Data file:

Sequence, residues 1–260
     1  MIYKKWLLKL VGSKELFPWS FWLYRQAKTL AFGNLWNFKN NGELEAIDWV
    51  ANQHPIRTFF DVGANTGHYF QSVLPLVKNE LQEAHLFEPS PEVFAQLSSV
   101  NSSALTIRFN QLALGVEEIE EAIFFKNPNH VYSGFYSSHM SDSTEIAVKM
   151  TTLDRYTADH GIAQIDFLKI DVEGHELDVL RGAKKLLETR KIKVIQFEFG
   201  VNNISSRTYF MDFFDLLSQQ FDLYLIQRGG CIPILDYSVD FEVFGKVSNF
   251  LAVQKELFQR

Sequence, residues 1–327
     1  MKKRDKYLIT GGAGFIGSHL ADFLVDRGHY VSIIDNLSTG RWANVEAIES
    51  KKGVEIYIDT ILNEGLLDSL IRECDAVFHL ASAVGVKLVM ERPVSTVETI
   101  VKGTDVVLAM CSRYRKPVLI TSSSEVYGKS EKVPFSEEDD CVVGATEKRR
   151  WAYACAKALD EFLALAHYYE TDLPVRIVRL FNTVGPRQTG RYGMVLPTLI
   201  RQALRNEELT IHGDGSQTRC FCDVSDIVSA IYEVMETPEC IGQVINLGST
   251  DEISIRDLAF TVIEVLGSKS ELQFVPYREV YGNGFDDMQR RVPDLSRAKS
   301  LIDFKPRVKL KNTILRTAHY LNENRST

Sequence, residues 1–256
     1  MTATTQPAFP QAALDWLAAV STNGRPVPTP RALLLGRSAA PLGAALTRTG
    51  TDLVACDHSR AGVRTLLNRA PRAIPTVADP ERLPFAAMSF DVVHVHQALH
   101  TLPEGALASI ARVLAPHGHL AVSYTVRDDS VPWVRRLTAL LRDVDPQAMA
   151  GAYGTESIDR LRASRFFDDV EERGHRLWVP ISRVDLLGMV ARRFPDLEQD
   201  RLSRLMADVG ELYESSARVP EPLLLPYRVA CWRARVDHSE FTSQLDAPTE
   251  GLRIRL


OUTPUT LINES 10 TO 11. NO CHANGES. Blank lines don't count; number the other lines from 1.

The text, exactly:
    51  KKGVEIYIDT ILNEGLLDSL IRECDAVFHL ASAVGVKLVM ERPVSTVETI
   101  VKGTDVVLAM CSRYRKPVLI TSSSEVYGKS EKVPFSEEDD CVVGATEKRR